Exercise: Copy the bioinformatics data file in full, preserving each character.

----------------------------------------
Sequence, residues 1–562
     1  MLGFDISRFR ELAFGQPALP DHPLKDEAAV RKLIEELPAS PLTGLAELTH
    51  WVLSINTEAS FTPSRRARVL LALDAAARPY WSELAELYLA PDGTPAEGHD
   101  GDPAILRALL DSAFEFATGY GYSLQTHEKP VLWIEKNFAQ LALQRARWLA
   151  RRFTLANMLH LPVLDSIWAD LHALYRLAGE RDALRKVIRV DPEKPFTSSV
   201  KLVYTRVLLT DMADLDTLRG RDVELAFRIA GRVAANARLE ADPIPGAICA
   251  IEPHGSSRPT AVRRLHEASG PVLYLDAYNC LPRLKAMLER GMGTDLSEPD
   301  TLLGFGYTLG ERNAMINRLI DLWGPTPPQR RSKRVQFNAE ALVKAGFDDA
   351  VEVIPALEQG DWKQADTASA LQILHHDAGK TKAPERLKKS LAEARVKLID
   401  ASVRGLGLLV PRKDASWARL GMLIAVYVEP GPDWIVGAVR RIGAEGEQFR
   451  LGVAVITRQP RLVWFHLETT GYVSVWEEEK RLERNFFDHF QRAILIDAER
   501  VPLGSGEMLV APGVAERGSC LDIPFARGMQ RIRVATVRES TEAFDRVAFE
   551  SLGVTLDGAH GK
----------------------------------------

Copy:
Sequence, residues 1–562
     1  MLGFDISRFR ELAFGQPALP DHPLKDEAAV RKLIEELPAS PLTGLAELTH
    51  WVLSINTEAS FTPSRRARVL LALDAAARPY WSELAELYLA PDGTPAEGHD
   101  GDPAILRALL DSAFEFATGY GYSLQTHEKP VLWIEKNFAQ LALQRARWLA
   151  RRFTLANMLH LPVLDSIWAD LHALYRLAGE RDALRKVIRV DPEKPFTSSV
   201  KLVYTRVLLT DMADLDTLRG RDVELAFRIA GRVAANARLE ADPIPGAICA
   251  IEPHGSSRPT AVRRLHEASG PVLYLDAYNC LPRLKAMLER GMGTDLSEPD
   301  TLLGFGYTLG ERNAMINRLI DLWGPTPPQR RSKRVQFNAE ALVKAGFDDA
   351  VEVIPALEQG DWKQADTASA LQILHHDAGK TKAPERLKKS LAEARVKLID
   401  ASVRGLGLLV PRKDASWARL GMLIAVYVEP GPDWIVGAVR RIGAEGEQFR
   451  LGVAVITRQP RLVWFHLETT GYVSVWEEEK RLERNFFDHF QRAILIDAER
   501  VPLGSGEMLV APGVAERGSC LDIPFARGMQ RIRVATVRES TEAFDRVAFE
   551  SLGVTLDGAH GK